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Professor Catherine Lubetzki, Leader in Myelin Repair Research, Wins Charcot Award

July 22, 2019

Professor Catherine Lubetzki, a clinician-scientist who is a leader in myelin repair research and efforts to stop MS progression, has been selected to receive the prestigious Charcot Award.  The Charcot Award recognizes lifetime achievement in MS research and it is given once every two years by the MS International Federation (MSIF). Prof. Lubetzki is the first woman to receive this award.

She is professor of Neurology at the Sorbonne University in Paris and head of the department of neurological diseases in Salpêtrière Hospital. Prof. Lubetzki coordinates the Salpêtrière MS clinical research center. She was the first woman in France to lead a neurology department.
Prof. Lubetzki’s research is focused on the mechanisms involved in the formation and repair of nerve fiber-insulating myelin, which is a target of immune attacks in MS. Her work focuses on developing strategies to stimulate myelin repair, prevent myelin and nerve fiber damage, and limiting the progression of disability in people with MS.

Prof. Lubetzki has authored more than 250 publications and led, served on, and founded national and international scientific and funding boards and committees. She is a member of the International Progressive MS Alliance Scientific Steering Committee, a founding member of the French Brain Council, and is on the Executive Committee for ECTRIMS, The European Committee for Treatment and Research in Multiple Sclerosis. She serves on the Executive Committee of MSIF’s International Medical and Scientific Board, the Medical and Scientific Board of the French MS Association for Research, and works closely with Ligue française contre la sclérose en plaques (the French association for people with MS).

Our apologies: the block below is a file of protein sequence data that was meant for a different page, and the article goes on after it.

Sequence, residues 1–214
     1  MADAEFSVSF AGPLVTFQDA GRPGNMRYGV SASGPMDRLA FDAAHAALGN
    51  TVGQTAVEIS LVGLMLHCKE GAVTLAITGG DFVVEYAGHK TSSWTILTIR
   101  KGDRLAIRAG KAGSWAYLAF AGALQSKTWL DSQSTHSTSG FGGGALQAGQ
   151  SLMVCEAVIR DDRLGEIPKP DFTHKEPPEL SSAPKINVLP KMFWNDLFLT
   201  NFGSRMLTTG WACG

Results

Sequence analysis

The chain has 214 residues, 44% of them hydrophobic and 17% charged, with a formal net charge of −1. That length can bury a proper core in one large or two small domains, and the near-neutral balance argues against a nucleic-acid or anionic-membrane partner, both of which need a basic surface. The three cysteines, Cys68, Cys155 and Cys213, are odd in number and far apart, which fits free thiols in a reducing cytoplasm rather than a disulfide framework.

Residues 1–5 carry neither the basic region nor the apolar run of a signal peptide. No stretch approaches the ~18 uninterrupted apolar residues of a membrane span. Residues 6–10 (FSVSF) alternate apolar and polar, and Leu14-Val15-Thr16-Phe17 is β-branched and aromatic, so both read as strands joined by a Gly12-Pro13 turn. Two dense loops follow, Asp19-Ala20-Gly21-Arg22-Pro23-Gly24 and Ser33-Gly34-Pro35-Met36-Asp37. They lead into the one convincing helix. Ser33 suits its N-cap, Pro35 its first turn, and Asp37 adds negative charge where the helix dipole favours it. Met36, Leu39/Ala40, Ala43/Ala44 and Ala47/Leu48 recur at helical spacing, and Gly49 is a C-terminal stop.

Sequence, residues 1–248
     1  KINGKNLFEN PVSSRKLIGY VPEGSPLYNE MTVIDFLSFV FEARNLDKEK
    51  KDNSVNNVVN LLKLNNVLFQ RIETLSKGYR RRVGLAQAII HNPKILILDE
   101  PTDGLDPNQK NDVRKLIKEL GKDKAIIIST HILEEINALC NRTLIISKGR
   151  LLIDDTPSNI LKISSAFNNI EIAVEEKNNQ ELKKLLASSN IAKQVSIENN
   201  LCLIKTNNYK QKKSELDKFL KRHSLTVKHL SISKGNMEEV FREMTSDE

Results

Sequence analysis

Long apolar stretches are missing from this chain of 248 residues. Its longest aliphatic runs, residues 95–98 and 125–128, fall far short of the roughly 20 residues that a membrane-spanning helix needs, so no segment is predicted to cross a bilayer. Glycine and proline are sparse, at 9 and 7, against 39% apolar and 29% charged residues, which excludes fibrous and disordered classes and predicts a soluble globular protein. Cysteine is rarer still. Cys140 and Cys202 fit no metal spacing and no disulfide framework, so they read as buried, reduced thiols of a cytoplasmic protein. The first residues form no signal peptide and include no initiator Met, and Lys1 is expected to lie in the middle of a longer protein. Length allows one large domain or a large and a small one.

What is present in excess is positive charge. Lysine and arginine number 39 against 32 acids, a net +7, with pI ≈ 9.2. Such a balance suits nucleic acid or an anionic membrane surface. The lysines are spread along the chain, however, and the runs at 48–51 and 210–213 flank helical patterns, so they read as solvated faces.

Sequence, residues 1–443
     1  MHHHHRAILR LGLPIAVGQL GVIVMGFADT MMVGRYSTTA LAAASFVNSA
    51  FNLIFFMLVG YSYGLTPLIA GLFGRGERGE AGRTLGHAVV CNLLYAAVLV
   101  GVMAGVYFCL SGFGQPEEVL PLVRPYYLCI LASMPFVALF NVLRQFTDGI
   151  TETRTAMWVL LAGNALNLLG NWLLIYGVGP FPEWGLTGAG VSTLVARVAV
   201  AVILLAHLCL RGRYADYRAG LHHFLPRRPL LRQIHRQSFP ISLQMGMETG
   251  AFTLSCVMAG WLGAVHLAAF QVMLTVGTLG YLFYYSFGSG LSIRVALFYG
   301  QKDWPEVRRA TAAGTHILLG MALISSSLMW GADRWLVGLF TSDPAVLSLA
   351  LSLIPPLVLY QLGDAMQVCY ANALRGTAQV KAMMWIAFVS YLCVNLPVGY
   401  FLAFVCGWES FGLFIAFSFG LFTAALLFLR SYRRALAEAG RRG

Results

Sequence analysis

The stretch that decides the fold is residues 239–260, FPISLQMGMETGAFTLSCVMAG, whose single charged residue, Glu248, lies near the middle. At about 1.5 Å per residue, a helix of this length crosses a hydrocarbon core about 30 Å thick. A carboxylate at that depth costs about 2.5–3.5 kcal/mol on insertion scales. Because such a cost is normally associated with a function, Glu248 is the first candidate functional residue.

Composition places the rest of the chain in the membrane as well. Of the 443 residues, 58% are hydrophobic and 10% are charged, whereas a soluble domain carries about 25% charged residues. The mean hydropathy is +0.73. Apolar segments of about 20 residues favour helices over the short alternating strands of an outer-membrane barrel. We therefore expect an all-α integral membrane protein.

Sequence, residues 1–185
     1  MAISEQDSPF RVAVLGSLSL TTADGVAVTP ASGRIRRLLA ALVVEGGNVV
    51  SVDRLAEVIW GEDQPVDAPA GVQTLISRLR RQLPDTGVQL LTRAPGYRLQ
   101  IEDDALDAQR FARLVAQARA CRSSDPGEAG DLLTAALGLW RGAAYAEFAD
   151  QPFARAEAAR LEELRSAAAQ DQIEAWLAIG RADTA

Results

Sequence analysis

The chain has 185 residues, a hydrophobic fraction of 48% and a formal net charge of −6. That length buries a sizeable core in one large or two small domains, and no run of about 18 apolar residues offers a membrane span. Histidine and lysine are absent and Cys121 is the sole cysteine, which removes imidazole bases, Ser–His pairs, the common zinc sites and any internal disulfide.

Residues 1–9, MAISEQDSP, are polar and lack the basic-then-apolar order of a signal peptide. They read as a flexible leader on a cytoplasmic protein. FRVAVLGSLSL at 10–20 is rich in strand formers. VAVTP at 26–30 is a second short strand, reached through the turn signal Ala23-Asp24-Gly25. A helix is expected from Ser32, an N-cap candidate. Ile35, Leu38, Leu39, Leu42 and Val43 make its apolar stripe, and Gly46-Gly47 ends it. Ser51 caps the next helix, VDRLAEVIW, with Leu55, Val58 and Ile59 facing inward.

Read more about Professor Lubetzki and the Charcot Award

About Multiple Sclerosis

Multiple sclerosis is an unpredictable, often disabling disease of the central nervous system. Symptoms range from numbness and tingling to blindness and paralysis, and there is currently no cure for MS. The progress, severity and specific symptoms of MS in any one person cannot yet be predicted, but advances in research and treatment are leading to better understanding and moving us closer to a world free of MS. An estimated 1 million people live with MS in the United States. Most people with MS are diagnosed between the ages of 20 and 50, and it affects women three times more than men.


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